How to Argue for Christian Day Schools

Timothy Cardinal Dolan gives instruction indirectly to those neo-Calvinists spooked by Betsy DeVos:

These stellar Catholic schools help the community dramatically. Let me just mention one incredible stat: 98% of our high school seniors graduate on time, and 96% of them go on to college! A large part of that high school success is that our Catholic elementary schools do a great job getting students ready to learn and thrive in high school. No wonder we’re so proud of them, and committed to keeping them open!

But these celebrated schools that so help society need help! Although four of these school changes were decided because the school is no longer connected to a local parish church and office, and only two were made due to declining enrollment, it is still a fact that we must always fight for our schools. We often find ourselves in a catch-22: if we raise tuition, fewer parents, already sacrificing so much to meet even our modest tuition, can’t do it, and tearfully withdraw their children; if we don’t increase fees, well, we don’t have enough funds.

That’s why we’re so grateful to our benefactors, of all faiths or none, who are especially generous to our Inner City Catholic School Scholarship Fund, and to our own Catholic people, who dig deep each year to help keep them strong.

Notice that Dolan thinks by going private you help the public. The neo-Calvinist critics of DeVos seem to think education is a zero sum game — either pro-public or pro-private. If that’s the dynamic, why are neo-Calvinists still advocating private schools? (Thus, another way that Protestants shoot themselves in the foot on public education.)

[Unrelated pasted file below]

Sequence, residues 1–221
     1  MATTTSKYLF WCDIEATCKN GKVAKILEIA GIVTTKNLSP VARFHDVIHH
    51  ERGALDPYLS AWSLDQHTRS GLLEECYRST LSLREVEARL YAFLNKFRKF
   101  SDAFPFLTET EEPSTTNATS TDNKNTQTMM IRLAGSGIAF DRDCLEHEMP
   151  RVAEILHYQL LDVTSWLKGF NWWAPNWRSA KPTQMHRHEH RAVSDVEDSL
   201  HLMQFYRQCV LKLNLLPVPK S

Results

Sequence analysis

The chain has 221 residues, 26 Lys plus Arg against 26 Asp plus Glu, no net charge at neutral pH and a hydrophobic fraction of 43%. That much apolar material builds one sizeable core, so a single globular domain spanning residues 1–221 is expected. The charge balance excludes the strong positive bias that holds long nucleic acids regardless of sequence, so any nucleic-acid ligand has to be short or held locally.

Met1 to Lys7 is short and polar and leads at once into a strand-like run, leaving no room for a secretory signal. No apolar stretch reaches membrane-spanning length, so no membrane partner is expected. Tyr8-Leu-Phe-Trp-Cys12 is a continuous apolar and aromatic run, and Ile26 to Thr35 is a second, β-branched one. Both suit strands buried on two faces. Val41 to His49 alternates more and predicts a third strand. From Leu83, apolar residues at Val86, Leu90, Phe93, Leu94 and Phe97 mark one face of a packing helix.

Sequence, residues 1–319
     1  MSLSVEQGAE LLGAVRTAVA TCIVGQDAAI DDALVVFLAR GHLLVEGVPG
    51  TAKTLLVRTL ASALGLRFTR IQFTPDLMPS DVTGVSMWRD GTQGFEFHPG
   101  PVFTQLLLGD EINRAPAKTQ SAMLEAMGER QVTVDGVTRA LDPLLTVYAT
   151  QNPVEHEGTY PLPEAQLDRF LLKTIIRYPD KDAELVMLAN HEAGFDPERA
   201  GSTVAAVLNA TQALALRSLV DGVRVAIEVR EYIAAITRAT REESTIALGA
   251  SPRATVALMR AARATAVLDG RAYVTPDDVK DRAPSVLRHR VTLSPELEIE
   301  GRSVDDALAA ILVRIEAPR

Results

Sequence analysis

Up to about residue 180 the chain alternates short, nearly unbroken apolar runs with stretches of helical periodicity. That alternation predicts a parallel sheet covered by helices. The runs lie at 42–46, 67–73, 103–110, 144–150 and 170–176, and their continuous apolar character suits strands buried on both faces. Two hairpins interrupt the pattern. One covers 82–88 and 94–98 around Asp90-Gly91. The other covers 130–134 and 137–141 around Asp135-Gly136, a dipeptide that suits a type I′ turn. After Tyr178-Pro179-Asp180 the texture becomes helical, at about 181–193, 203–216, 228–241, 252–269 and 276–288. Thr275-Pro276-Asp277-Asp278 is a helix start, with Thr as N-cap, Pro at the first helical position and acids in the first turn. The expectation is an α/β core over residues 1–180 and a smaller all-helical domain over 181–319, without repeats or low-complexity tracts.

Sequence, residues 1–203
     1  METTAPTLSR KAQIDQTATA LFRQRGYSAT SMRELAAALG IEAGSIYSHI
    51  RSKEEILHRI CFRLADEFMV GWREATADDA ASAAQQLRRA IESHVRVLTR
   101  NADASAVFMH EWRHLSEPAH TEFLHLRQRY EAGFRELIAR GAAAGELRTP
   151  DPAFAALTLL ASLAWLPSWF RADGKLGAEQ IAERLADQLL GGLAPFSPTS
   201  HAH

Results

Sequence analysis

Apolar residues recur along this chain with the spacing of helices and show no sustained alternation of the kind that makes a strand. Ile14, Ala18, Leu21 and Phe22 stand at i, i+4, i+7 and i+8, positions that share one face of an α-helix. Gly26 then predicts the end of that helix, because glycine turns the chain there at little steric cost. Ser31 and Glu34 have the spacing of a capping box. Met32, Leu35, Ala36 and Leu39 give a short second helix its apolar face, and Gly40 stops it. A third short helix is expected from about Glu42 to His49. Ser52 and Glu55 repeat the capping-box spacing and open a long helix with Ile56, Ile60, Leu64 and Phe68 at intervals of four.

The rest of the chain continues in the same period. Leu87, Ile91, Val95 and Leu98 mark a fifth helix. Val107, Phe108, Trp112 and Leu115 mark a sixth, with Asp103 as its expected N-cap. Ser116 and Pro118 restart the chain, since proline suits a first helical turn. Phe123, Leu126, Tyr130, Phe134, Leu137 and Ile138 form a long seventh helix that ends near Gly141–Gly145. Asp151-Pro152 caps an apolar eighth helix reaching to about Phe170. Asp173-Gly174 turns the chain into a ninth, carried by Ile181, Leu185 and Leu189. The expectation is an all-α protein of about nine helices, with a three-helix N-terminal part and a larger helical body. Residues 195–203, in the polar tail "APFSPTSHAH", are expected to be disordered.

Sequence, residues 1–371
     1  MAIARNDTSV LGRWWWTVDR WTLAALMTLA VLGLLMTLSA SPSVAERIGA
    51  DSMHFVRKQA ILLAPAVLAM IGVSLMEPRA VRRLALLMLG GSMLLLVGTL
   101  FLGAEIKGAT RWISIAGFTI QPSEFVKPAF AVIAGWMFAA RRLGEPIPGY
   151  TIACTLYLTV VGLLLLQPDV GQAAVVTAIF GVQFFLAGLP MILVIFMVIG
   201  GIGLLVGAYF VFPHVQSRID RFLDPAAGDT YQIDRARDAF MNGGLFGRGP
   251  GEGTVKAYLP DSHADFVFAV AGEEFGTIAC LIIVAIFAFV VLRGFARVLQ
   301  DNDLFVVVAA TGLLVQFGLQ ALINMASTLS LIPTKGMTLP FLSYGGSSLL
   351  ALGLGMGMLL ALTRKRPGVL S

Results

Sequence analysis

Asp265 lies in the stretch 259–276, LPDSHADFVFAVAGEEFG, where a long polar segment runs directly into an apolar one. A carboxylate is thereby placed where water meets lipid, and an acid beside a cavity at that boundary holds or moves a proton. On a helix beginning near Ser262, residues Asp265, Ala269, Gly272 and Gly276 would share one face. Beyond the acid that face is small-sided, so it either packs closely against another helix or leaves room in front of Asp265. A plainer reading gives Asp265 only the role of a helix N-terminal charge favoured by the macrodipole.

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One thought on “How to Argue for Christian Day Schools

  1. Shooting themselves in the foot or stepping on rakes? As I said in a previous post, if I hadn’t read “A Secular Faith” much of the debate taking place over the DeVos appointment wouldn’t make much sense. But what has clarified things for me even more is a recent post over Heidelblog with Machen’s 1926 testimony before both the Senate and House committee on the formation of the proposed Dept. of Education. It’s very interesting how Machen nailed it exactly all those decades ago and now here we are today with the Fed’s having intruded into the educational sector way too far, just as he had predicted.

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